In rats, Alfadly et al. [53] found that khat increased the speed on entering the arms of the Radial Arm Maze. Specifically, khat fed rat groups were significantly slower in completing the experiment compared to both the control and MPD (methylphenidate) groups. With respect to working memory, authors reported khat fed rats (500 mg/kg bw) were more likely to commit working memory correct errors by repeated entries to a baited arm that no longer had food; and working memory incorrect errors, as evidenced by the animal’s tendency to re-enter the same unbaited arm when compared with MPD (3 mg/kg bw, daily) and control [53].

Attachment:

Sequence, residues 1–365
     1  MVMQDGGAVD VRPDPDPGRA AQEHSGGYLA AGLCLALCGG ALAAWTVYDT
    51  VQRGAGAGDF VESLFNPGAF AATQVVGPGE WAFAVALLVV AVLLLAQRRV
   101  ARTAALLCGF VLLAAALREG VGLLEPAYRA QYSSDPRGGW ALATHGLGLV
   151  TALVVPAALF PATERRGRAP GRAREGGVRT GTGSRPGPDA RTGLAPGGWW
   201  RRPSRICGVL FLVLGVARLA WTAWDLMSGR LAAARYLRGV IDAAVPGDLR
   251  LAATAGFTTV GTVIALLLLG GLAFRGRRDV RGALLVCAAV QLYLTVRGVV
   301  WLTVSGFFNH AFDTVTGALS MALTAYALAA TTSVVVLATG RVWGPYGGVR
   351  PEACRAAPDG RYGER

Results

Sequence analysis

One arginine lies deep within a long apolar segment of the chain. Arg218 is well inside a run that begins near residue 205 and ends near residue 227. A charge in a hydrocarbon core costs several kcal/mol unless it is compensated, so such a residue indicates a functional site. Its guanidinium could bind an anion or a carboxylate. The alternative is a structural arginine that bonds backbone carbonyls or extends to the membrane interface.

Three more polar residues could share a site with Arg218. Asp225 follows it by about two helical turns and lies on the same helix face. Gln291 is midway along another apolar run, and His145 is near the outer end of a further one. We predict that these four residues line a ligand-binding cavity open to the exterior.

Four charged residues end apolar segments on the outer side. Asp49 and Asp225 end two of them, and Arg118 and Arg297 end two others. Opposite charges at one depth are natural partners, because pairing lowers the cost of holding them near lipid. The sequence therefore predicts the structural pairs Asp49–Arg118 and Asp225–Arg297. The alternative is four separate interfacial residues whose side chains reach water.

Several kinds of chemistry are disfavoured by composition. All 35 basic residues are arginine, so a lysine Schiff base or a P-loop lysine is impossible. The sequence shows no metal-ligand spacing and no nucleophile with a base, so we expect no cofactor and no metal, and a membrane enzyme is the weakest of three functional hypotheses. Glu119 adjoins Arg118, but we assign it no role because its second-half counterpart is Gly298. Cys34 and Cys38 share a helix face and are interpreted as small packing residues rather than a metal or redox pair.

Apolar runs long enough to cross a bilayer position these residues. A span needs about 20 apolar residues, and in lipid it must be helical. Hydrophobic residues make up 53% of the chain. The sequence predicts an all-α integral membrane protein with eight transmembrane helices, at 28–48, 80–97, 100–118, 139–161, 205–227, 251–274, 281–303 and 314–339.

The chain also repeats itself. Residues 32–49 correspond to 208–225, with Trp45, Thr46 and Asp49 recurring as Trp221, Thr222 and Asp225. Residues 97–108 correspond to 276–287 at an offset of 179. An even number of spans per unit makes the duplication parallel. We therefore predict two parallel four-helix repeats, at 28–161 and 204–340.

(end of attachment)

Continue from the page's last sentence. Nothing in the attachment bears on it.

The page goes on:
Kimani and Nyongesa [56] reported that administration of khat has differential dose effects on learning and memory performance in the Morris Water Maze test. This study found that khat administration reduced the swim speed of mice treated with moderate and high doses during the baseline (acquisition) phase compared with controls. After the removal of the escape platform from the maze (day 5), khat exposure was found to not interfere with long-term (reference) memory. However, performance during the reversal learning phase, showed dose-dependent impairments in learning, as indicated by escape latency and swim distance. For instance, mice treated with low (40 mg/kg bw, daily) khat extract displayed longer escape latency (during the first 2 days) and significantly longer swim distance (in day 2) compared to baseline performances. In contrast, high dose (360 mg/kg bw, daily) of khat significantly increased escape latency across the reversal learning trials than baseline performance and control animals. During the post reversal learning probe trial (day 9), mice treated with low and high doses of khat displayed a stronger bias for the former target quadrant compared to the new target, whereas mice treated with moderate khat dose were successful in switching their behavior to learn the new location.